When someone in your life is hurting, should you hide your happiness from them? We all may ask ourselves this question at some point. Here are a few tips to keep in mind.
Should You Hide Your Happiness (When Those Around You are Unhappy)?
Human beings are social animals. We thrive when we feel a sense of belonging and community. Sharing our joys and sorrows with each other comes naturally. Not only that, it is something that we are biologically and spiritually wired to do. Feeling safe and freely able to share your feelings is an important aspect of having healthy relationships with others . . . and with yourself.
However, there are times when what we are feeling is not compatible with the feelings that others are experiencing.
That’s when things can get tricky. After all, your feelings matter, even if someone else is feeling differently. On the other hand, being a good friend or family member includes being sensitive to the feelings of others. Finding the balance can be incredibly challenging at times.
In Ways Both Big and Small
This tricky situation can come up in many ways, both big and small.
Maybe you head to work one day wearing your gorgeous new coat that you got for a steal. Getting a good deal always pumps you up. Wearing something beautiful makes you feel amazing. You can’t wait to show off your find to your cubicle mate, who always appreciates a great sale. But when you get to work, you find her crying at her desk because she was in an accident over the weekend. No one was hurt, but her car was totaled. She loved that car. You hang your new coat up at your desk without remark. You sit down and listen as she shares her fear, frustrations, and anger. Maybe you cry with her, too.
Or maybe you just found the person of your dreams. You are in love. No, you are IN LOVE – all capital letters, all the way. You are ready to shout it from the rooftops. You are so filled with bliss, it seems like it is bursting from your very pores! But when you go to share the happy news with your best friend, you find her devastated after learning that her spouse was unfaithful. Her entire world is falling apart and you know that the last thing she wants to hear is how in love you are. So you say nothing. Instead, you listen. You hug her as she cries. But you can’t help but feel a little weird because she’s the one you tell things to . . . and you aren’t telling her the biggest news of your life.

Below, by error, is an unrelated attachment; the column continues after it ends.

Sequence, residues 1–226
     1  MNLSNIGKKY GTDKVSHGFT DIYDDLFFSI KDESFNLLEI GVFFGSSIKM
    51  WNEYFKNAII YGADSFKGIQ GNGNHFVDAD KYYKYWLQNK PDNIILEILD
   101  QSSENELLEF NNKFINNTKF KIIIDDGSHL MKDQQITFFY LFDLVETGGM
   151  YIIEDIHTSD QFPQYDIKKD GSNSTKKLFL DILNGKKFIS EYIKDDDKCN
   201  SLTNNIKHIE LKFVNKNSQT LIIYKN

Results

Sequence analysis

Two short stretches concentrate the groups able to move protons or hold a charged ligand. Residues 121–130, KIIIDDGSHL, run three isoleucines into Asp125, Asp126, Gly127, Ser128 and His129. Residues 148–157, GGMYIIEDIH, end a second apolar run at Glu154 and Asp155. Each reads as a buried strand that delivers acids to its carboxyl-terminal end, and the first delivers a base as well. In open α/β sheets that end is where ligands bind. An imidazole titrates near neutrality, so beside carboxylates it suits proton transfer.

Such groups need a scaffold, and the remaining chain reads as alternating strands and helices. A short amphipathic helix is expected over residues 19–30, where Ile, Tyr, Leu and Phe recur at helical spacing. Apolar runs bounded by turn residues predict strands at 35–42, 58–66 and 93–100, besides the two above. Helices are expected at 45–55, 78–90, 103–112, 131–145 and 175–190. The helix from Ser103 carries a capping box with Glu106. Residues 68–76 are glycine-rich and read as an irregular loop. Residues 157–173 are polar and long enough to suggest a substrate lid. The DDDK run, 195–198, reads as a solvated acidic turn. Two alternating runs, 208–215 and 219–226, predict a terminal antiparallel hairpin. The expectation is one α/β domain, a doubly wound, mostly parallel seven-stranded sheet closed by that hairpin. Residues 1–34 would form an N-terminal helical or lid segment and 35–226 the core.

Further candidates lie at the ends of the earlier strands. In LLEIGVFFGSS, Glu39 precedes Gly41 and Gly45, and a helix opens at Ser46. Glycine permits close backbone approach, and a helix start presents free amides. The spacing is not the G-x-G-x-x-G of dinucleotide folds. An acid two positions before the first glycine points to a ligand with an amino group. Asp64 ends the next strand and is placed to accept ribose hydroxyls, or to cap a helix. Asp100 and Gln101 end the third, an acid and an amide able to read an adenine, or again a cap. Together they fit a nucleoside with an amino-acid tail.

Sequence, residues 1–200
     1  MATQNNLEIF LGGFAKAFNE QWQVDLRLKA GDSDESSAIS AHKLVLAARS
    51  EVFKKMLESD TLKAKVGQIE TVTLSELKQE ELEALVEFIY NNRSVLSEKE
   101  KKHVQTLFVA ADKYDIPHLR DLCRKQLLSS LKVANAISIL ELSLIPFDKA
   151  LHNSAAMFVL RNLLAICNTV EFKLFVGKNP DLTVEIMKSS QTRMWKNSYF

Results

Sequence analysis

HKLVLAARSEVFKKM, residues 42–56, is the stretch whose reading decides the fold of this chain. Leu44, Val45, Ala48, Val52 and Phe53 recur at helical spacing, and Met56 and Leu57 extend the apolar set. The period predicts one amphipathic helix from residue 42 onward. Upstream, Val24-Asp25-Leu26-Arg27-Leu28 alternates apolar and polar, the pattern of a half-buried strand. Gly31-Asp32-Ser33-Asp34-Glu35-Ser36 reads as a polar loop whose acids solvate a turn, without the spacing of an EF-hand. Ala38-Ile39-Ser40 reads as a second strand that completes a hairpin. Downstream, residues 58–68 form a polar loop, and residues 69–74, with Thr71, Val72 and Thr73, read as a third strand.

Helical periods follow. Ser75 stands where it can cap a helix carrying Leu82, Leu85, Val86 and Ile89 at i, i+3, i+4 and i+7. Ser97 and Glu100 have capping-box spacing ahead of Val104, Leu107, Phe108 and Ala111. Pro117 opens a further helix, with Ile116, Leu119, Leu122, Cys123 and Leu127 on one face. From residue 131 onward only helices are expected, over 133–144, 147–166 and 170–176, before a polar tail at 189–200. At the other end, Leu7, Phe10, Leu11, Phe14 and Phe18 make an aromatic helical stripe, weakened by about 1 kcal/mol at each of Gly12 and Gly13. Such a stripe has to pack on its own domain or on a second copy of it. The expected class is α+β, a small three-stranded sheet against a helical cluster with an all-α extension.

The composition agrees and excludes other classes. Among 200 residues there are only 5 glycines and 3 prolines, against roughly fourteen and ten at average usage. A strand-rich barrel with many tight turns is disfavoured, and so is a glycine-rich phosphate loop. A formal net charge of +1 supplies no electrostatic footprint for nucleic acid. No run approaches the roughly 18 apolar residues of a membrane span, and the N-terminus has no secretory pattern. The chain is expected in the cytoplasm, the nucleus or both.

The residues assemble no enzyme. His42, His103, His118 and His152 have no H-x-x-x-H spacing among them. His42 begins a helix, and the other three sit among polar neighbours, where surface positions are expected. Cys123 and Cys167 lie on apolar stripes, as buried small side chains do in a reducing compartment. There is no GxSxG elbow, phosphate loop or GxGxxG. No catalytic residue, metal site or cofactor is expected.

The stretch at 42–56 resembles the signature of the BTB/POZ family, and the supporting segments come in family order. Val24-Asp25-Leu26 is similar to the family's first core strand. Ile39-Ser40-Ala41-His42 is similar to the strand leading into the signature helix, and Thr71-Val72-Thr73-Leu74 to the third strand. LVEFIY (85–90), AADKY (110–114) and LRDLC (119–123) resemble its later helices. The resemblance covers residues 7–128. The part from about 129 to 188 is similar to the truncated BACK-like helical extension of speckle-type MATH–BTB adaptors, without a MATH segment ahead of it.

Assess the Situation
When you are able, step back and look as pragmatically as you can at the situation. How important is it that you share your news right away? Can it wait? How long is the person likely to be upset?
Your new coat matters because it is fun and it makes you feel good. But it won’t really matter if you wait until tomorrow to talk about it. Your friend’s car accident, on the other hand, may be more complicated to assess. If she has another form of transportation already, it may not be a big deal. If this is a financial hardship, however, it could be a real problem. And if she’s feeling a lot of trauma and fear from the accident itself, she could be hurting for a while. Only by listening can you have any idea what she is feeling and what she needs. She may even feel better if you take her mind off the situation by sharing the news about your new coat.
Don’t Gush But Don’t Lie
If the situation is more serious and emotional, as in the second example, you may find that you need to just share your truth before the person is ready to hear it. If so, do it as gently as you can. Be as factual as possible unless you are invited to share more.
When someone we love is truly hurting, it may take them time to be able to handle our great news, especially if it hits too close to home. Be honest. Be yourself. Just do your best to be gentle. Don’t lie, don’t gush, and don’t expect them to behave a certain way. Just allow them to be and feel as they do.
Find Other Sources of Support But Don’t Distance Yourself
Being sensitive and caring matters. But your feelings of happiness matter too. If you can’t share those feelings with someone, it is okay to find other places to share them.
Just do your best to not distance yourself. That person still needs you in their life. They need to know you care and that you are there for them.
Your Happiness Can Even Help Them
Sometimes the best way for a person in pain to get beyond that pain is to find other things to think about. Once the initial shock and pain has passed, your happiness might actually offer them a glimmer of hope for their own future. After all, life is made up of ups and downs, sunshine and shadows. Your happiness can be a reminder that even in the darkest moments, there is light.
Answering the question “Should you hide your happiness when someone you know is unhappy” can be a complicated process. Unfortunately, there is no one right answer. The best thing you can do is listen, care, be supportive, and allow love to lead your way.
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